It is time for another edition of “Random Samples”–I occasionally get samples from marketing agencies and/or producers, and these can often be grouped together into some sort of over-arching theme: Drink Them and It Will Come, Summer is Here, So That Means (More) Rosé, If It Doesn’t Sparkle, It Doesn’t Matter.
Other times, I get just a bottle or two that do not have any apparent connection or link. Instead of holding on to those bottles until the “right” combination comes along, I decided to link all these “random” bottles together, making their own category (and, being the math geek that I am, “random sample” has a bit of a double entendre.
This week, there is a tangential relationship in that each of the bottles here have suggested retail prices somewhere north of $50, which is far more than the $12 average price per bottle in this country. Thus, these wines I would consider “special occasion” wines, while other people I know (who have requested to remain anonymous) call these “Fancy Pants” wines (although they provide no objection to sample these wines with me).
M.V. Bruno Paillard Rosé Première Cuvée: Retail $60. 85% Pinot Noir, 15% Chardonnay. The last time I tried this wine I was not a fan for some reason. This go around was a much different story as the pale salmon wine with a very fine bead emanates strawberry, a bit of cocoa, a nutty aspect, and considerable minerality. Subtle but luscious fruit, a tart strawberry, is buoyed by the delicate sparkle, and a racy acidity. I am flabbergasted as to why I was not blown away the first time I tasted this with Alice Paillard. Well, I am making up for it this go around. Outstanding. 92-94 Points.
2013 Chateau St. Jean Cinq Cépages Sonoma County: Retail $80. 76% Cabernet Sauvignon, 13% Merlot, 5% Cabernet Franc, 3% Malbec, and 3% Petit Verdot. “Cinq Cépages” (five varieties) is always a blend of the five classic Bordeaux varieties. I have a bit of experience with older vintages of this wine, but this is the first time that I have had it so relatively close to release. On the dark side of red wines, with aromas of blackberry, black currant, white pepper, and sage. After some time open, this initially rather closed wine really opened up, particularly on the palate. Wow. Really rich fruit, oodles of depth on the mid-palate, and quite spicy. There is a ton going on here, and it certainly needs some time, but this is true to its pedigree and I am oh so happy that the winery sent along a couple of bottles–I will be holding on to the other for at least a decade (unless my wife finds it first). Outstanding. 92-94 Points.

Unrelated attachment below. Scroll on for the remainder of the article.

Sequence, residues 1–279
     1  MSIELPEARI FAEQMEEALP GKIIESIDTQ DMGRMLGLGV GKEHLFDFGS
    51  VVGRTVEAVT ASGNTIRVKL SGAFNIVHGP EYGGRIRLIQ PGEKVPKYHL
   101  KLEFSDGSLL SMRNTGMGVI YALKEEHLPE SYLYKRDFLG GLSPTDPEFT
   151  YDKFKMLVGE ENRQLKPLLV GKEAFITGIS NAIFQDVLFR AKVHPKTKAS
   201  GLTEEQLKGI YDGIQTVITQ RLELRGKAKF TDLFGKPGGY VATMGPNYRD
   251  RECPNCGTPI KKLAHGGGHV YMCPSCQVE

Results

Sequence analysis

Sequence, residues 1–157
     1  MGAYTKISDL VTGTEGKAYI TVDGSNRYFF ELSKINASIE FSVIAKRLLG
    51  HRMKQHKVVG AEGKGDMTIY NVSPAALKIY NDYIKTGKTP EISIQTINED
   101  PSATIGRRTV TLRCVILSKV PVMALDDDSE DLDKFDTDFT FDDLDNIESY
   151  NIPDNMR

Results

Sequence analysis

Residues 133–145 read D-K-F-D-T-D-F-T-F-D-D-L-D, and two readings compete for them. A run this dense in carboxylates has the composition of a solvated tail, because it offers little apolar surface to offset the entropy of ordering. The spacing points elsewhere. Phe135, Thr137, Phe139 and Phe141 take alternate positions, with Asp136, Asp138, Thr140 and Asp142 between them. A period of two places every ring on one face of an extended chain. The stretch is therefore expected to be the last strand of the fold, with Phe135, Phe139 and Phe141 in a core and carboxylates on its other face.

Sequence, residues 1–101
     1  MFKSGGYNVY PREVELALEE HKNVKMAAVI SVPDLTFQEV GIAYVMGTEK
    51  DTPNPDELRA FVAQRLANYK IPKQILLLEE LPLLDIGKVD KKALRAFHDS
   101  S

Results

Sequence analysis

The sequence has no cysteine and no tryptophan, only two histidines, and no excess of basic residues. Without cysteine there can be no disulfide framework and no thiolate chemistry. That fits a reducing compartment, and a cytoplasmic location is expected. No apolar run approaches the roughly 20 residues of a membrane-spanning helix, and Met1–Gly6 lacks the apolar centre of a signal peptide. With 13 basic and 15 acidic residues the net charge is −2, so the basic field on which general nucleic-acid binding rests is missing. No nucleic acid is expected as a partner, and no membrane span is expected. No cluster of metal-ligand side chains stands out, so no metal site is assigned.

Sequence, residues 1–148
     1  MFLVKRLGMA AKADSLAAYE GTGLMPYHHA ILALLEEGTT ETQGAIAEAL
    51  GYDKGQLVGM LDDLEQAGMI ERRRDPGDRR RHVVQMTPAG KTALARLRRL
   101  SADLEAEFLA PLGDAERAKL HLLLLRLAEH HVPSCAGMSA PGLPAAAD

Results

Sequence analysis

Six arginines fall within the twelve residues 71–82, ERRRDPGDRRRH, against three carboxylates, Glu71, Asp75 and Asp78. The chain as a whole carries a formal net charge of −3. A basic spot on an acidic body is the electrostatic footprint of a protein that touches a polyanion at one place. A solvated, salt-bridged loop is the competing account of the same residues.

2014 Cornerstone Cabernet Sauvignon Howell Mountain: Retail $100. 100% Cabernet Sauvignon. The Howell Mountain AVA evokes a host of emotions, most of them lofty and well-deserved. This wine is a perfect example–classic Howell Mountain ripe black raspberry, a bit of mocha and a touch of black pepper. On the palate, my first thought was “Wow, this is young” but it is also so very nice–rich, ripe fruit, that mocha come back into play, and a lengthy finish. There is some tannic interplay on the finish, but not extreme, so while this could use more time, it is still gangbusters now. Outstanding. 91-93 Points.
2011 Cortonesi La Mannella Brunello di Montalcino DOCG: Retail $75. 100% Sangiovese. Having just returned from Tuscany, I was excited to find this bottle in my rack of samples that overflowed while I was out of town. After the rather pedestrian pasta that I prepared for my progeny, I popped this bottle and settled down for a little binge-watching of Orange is the New Black. Slightly cooked blackberries with an infusion of Kola berry, anise, black pepper, and violet on the palate, followed by restrained fruit, spirited acidity, and a rush of the kola berry and anise on the finish with noticeable, but mostly integrated tannins. Fantastic. Outstanding. 90-92 Points.
2016 Jordan Chardonnay Russian River Valley: Retail $33. While this does not really fit my rather loose and arbitrary definition of “Fancy Pants,” tasting the wine it is very clear that it belongs in this somewhat loftier group. I do not have a ton of experience with Jordan Chardonnay, but there is no doubt that it is one of the stalwarts in California Chard. At $33, this might also be the best value for the variety in Sonoma. More Chablisien in style even though it is aged for nearly half a year in new French oak. Lemon peel, peach, and considerable minerality on the nose, the wine is light and lively on the palate. Sure, the oak is there, but the fruit, the crushed rock, and the brilliant acidity weave the story on the palate. While certainly not “inexpensive” this wine punches well over its weight. It also could use a little time, though, as the fruit and acidity need a bit of time to subside. Now? Outstanding. 90-92 Points. In 3-5 years? Potentially 92-94 Points.
2014 Jordan Cabernet Sauvignon Alexander Valley: Retail $58. I visited Jordan a few years ago, and it still amazes me that the winery only produces two wines a year: Chardonnay and Cabernet Sauvignon. That’s it. No “reserve,” no vineyard designate, no rosé. Just two. Tasting the wines, it is clear that they know what they are doing and that the two wines are likely the best values in “premium” wines in Northern California. This Cab is dark in the glass with plenty of dark berry fruit, eucalyptus, sage, and dark spice. The palate is certainly fruit dominant, but there is plenty more: earth, tobacco, spice. The tannins are certainly present, but they are on the soft side, which suggests both a cellaring potential versus immediate consumption conundrum. Outstanding. 91-93 Points.